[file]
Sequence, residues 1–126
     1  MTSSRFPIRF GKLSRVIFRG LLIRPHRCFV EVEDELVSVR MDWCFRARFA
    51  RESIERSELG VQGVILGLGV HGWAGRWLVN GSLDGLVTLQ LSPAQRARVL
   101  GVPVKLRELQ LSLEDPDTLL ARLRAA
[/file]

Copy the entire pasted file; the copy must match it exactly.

Sequence, residues 1–126
     1  MTSSRFPIRF GKLSRVIFRG LLIRPHRCFV EVEDELVSVR MDWCFRARFA
    51  RESIERSELG VQGVILGLGV HGWAGRWLVN GSLDGLVTLQ LSPAQRARVL
   101  GVPVKLRELQ LSLEDPDTLL ARLRAA